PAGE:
Human Nature In MachiavelliS The Prince And MontaigneS Essays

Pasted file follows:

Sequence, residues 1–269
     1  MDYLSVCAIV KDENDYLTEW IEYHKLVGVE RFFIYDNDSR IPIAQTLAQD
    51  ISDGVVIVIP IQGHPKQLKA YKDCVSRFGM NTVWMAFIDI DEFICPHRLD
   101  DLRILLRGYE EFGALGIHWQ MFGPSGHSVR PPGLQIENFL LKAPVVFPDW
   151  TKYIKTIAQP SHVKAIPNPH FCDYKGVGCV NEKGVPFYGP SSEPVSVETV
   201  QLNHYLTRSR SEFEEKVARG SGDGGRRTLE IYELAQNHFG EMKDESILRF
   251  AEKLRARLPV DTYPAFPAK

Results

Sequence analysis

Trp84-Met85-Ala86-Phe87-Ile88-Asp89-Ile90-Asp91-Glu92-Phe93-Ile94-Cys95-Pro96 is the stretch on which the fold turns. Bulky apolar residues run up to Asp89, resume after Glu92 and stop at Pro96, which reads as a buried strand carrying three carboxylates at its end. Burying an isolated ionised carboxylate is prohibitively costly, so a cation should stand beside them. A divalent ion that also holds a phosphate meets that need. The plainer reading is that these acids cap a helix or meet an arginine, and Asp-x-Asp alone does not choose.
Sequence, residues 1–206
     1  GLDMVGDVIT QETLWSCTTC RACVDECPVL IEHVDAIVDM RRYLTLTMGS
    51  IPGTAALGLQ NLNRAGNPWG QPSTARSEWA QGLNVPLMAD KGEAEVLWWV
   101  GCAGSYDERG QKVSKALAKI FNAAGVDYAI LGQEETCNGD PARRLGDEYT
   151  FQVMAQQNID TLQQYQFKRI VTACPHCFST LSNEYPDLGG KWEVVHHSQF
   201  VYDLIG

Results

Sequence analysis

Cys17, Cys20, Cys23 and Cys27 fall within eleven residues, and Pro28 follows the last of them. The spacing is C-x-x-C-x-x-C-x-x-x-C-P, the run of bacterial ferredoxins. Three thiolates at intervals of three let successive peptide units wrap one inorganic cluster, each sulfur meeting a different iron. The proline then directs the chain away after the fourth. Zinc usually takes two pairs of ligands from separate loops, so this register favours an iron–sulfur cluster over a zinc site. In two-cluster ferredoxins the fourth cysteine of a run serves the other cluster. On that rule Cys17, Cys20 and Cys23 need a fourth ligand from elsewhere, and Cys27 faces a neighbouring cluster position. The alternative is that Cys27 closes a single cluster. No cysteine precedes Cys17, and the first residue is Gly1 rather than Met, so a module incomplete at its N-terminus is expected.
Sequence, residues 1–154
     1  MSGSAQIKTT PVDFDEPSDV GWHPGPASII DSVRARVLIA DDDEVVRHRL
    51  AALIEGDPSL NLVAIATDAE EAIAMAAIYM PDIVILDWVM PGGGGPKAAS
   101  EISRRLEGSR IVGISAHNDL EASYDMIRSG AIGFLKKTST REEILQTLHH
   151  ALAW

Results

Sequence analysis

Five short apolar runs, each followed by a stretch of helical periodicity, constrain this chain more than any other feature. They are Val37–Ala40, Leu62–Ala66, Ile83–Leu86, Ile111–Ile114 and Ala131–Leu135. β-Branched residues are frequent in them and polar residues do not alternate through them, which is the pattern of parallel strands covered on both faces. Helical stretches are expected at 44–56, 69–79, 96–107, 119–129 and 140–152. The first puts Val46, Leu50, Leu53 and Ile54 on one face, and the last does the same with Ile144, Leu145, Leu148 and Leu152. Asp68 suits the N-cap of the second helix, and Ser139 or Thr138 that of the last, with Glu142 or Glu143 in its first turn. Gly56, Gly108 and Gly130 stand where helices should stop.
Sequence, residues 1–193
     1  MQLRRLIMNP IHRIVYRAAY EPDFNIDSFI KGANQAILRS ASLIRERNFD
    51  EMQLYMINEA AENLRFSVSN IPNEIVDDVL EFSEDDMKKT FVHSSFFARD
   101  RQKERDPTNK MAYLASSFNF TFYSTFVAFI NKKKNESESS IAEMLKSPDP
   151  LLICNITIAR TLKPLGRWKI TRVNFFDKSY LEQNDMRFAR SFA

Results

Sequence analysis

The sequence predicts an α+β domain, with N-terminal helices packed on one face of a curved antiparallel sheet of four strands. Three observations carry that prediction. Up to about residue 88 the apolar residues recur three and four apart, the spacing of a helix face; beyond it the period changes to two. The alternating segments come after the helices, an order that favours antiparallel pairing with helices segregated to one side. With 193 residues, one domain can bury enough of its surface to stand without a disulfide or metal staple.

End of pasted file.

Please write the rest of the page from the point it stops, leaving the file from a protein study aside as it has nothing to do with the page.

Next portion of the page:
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Both as important thinkers in Renaissance period, Machiavelli and Montaigne made The Prince and Essays works profoundly shaped by Renaissance humanism. Renaissance humanists re-embraced and again kindled their favour to classical literature, with which they came to be more human-centered and exalt human nature. In this way, they, on the one hand, sought to achieve outward perfection; on the other hand, persisted in inward inquiry into oneselves. The tendency toward perfection is well illustrated in Machiavelli’s The Prince, in which he provides guidelines to become a “perfect” prince. His contemporary thinker, Michel De Montaigne, puts more emphasis on his inquiry into himself. Though one is busy in offering counsel for perfection while the other immerses him in studying himself, both Machiavelli and Montaigne scrutinize human nature. To provide guidelines for the princes to gain and keep their power, Machiavelli has to first give a precise understanding of human nature, without which a prince can hardly maintain his power and control his people. To be more exact, The Prince is mainly a utilitarian guidebook for the princes, and Machiavelli’s view of human nature is generally not morally based, which is best proved when Machiavelli suggests that he doesn’t care so much whether a prince is moral or not. In his opinion, moral is not the key to power maintenance. Montaigne, however, writes his Essays not for some utilitarian purpose. He writes Essays to study himself. Unlike Machiavelli, who writes The Prince, “a knowledge of the actions of great men, acquired in the course of a long experience of modern affairs and a continual study of antiquity” to “approach his Magnificence with some token of his devotion”, Montaigne writes Essays mainly for a “domestic and private” goal, rather than for serving the readers or his own glory. “He himself is the matter of his
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